Thursday, November 20, 2014

11/20: Schwall & Pags, Rick Reuschel, Jim Leyland Hired, Happy B-Day, Jeff Locke...

Schwall & Pags, Rick Reuschel, Jim Leyland Hired, Happy B-Day, Jeff Locke...
  • 1962 - The Pirates traded 1B Dick Stuart and P Jack Lamabe to the Boston Red Sox for P Don Schwall and C Jim Pagliaroni. Pags appeared in 490 games over the next five years for the Bucs, batting .254 while Schwall became a multi role pitcher, tossing four years for Pittsburgh with a 22-23-4/3.24 ERA. Stu hit 103 homers in the next three seasons and then faded away, while Lamabe lasted six more seasons in the show, with a couple of strong campaigns in 1966-67.
Don Schwall 1965 Topps series
  • 1985 - 36 year old Rick Reuschel was named the NL’s Major League Comeback Player of the Year by United Press International. Reuschel went 14-8 with a 2.27 ERA, starting the year with Hawaii in the Pacific Coast League after signing as a free agent with Pittsburgh during the off season. 
Rick Reuschel 1989 Fleer series
  • 1985 - Syd Thrift hired Jim Leyland to manage the Pirates, replacing Chuck Tanner. During his Pirate years from 1986 to 1996, Leyland won two Manager of the Year awards (1990 & 1992), finished as runner-up in 1988 and 1991 and led the team to three divisional titles (1990-92). 
Jim Leyland 1989 Topps series
  • 1987 - LHP Jeff Locke was born in North Conway, New Hampshire. He joined the Bucs in 2009 as part of the Nate McLouth trade, and the Redstone Rocket - Redstone is his home neighborhood - made his MLB debut in 2011, joining the rotation in 2013 and earning an All-Star berth that season. 
Jeff Locke 2012 Bowman Chrome Rookie series


WilliamJPellas said...

Love your historical retrospective as always, Ron! Reuschel brought back memories. He was of course much better known for his work with the Cubs, but his late career renaissance with Pittsburgh was one of the few bright spots for the Pirates of that era. Didn't he also have a brother (Paul?) who also pitched for the Cubs? Re: Locke. I am not a big fan, though he has one big plus and that has been durability. There doesn't seem to be any specific explanation for his boom or bust career to date---other than his probable injury in 2013, which as usual was "Belichicked" by the current front office. But I think the deal with him is that while he has four pitches and throws them all pretty reliably for strikes, none of those pitches is truly a "plus" pitch. He doesn't have a hammer or reliable out pitch. Thus, when he is on, he is throwing his four so-so pitches for strikes and is commanding them exceptionally well. When he is off, he doesn't have the stuff to last very long against most lineups. Your take?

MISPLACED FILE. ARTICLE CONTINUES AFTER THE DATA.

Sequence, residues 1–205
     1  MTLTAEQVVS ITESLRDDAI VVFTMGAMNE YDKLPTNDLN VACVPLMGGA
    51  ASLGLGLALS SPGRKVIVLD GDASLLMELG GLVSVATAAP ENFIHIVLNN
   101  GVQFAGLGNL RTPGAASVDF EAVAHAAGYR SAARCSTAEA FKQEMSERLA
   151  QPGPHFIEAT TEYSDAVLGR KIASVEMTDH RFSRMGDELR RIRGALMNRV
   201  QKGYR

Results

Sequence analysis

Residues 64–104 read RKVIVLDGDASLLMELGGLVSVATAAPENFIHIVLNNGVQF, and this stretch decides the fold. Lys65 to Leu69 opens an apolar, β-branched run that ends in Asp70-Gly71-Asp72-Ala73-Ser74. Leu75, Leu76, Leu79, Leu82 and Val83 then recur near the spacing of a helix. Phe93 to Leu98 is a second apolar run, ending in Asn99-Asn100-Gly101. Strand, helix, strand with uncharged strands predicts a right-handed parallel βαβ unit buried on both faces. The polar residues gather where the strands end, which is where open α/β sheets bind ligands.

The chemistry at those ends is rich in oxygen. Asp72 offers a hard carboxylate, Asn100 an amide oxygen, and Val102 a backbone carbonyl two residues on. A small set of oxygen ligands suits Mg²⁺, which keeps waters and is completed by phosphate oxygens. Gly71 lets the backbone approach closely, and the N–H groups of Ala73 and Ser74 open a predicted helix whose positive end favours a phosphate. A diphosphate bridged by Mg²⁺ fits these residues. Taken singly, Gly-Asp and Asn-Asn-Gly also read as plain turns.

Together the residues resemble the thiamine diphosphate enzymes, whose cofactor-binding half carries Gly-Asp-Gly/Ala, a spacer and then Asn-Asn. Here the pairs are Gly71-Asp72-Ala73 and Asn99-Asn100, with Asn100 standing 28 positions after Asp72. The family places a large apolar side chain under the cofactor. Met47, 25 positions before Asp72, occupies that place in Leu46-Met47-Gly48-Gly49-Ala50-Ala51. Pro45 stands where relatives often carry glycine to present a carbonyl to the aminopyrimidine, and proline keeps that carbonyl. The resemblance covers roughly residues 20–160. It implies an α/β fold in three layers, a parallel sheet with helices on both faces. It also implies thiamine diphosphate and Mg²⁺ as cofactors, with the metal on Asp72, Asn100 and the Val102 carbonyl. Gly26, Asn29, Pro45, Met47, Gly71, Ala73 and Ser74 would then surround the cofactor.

Ron Ieraci said...

Liked Rick myself, Will - he was always one of those easy throwing, under control guys on the hill. As for Paul, he and Rick are the only brothers to ever combine for a MLB shutout; Paul relieved Rick in the 7th while with the Cubbies to seal a whitewash.

I think Locke prob needs to be a little less cute & stay aggressive on the edges of the zone; his probs seem to start when he looks for early swings and misses. That ain't happening against any club with an iota of plate patience, and then he has to work from behind. As you noted, strikes are the name of his game.